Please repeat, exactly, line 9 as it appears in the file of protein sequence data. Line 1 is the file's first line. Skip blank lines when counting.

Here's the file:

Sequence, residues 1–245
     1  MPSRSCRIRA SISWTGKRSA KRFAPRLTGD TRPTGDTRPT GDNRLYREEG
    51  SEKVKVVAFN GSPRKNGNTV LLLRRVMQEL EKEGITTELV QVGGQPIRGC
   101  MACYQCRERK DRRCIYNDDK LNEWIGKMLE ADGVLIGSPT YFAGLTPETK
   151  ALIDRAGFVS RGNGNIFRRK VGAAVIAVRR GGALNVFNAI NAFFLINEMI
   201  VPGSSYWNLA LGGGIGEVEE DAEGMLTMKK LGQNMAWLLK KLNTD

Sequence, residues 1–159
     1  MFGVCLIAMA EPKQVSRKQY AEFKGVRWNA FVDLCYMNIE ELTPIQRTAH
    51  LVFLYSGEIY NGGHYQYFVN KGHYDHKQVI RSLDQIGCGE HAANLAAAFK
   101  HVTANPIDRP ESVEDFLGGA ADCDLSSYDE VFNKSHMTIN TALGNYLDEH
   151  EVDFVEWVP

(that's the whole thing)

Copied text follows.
    51  LVFLYSGEIY NGGHYQYFVN KGHYDHKQVI RSLDQIGCGE HAANLAAAFK